Fenders generally were still separate elements that were partly blended into the main body. The trend also was for the front fenders to edge toward and ultimately merge with or supplant rear fenders. Roof line fashion in America just before Pearl Harbor was the so-called "fastback" style where the roof line descended in a smooth curve from the passenger compartment across the trunk down to the rear bumper. These evolutionary trends were in the direction of a body shape resembling a teardrop with provision for a hood and with a windshield behind it.
Curtailed automobile production during the war gave stylists time to reconsider all this. General Motors, at the time the production and styling leader in America, opted postwar for continuation of the fender trend, but fastback styling largely yielded to "bustle back" designs where the roof curve ended in front of the trunk hinge line, the trunk area being a distinct part of the body. Postwar GM designs included some two-door fastback models, but the style was phased out in the early 1950s.
Other car makers forged ahead postwar with the thought that the prewar styling trends would continue. The result was a variety of rather clumsy designs, especially for six-window sedans, few of which did well in the marketplace.
I discuss these and other evolutionary styling trends in this book.
Here are some of those cars that missed the postwar style change.
The Tatra 600 was a Czech car introduced in 1946 that was a follow-on to a prewar series of automobiles with their engines mounted at the rear. All such Tatras embodied the teardrop streamlining philosophy of design, so their styling people probably felt that they were already ahead of the rest of the industry as the war ended.
The Jowett Javelin was an early postwar British car with advanced styling and engineering features. Some of the inherent heaviness of fastback 6-window styling was avoided by designer Gerald Palmer because he retained separate fenders. But the Jowett company failed due to engine teething problems and corporate under-capitalization that prevented riding out the troubles.
Less successful design-wise was another British car, the Standard Vanguard. Here the through-fender design coupled with a high roof line and steep fastback curve made for a heavy looking car in spite of its comparatively small size.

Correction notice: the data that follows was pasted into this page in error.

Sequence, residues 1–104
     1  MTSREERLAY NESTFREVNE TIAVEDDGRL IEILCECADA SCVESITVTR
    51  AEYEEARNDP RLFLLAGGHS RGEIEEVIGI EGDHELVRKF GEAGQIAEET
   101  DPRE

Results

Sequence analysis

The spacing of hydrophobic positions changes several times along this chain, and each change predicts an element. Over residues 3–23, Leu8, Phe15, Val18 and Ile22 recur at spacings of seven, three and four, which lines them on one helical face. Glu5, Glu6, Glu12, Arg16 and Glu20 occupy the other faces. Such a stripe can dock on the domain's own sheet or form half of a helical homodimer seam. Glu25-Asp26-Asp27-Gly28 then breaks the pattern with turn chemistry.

If the Ford SAF Vedette looks a lot like a 1949 Mercury, that's because its features were intended to be used on a compact Ford model. Standard size Fords were at first intended to have the body eventually used by Mercury. This plan was rejected. Standard Fords got a smaller, different body and the body intended for the compact Ford was instead adapted by Ford's French subsidiary for the new Vedette line. The result wasn't as heavy looking as some 6-window fastbacks because the roof was fairly low.
Untouched by Ford's postwar body juggling was the Lincoln Cosmopolitan, which came in both fastback and bustle back guises. The fastback is pictured here. Thin door posts helped to lighten the design, but the Cosmo was a massive car to start with, and the fastback feature made it seem even heavier. Not many fastback Cosmos were sold, so the design was soon eliminated from the product mix.
Nash was lucky that its 1949-1951 "upside-down bathtub" styling didn't kill the company. It had all the features expected from prewar trends, even including front wheels enclosed by the body for improved aerodynamics (which did wonders for the car's turning radius).
The conservative French manufacturer Hotchkiss took a radical postwar step with its Hotchkiss-Grégoire model featuring front-wheel drive and fastback styling. The car shown above was an early model with six side windows, a feature soon replaced by a 4-window version. Fenders are discrete rather than flow-through. The car is low thanks to the lack of a drive line, so its appearance isn't as heavy as it might have otherwise been.
Yet another awkward 6-window fastback was the German Borgward Hansa 2400 that was introduced several years after the others shown here. By then its styling was distinctly old-fashioned, so sales were poor.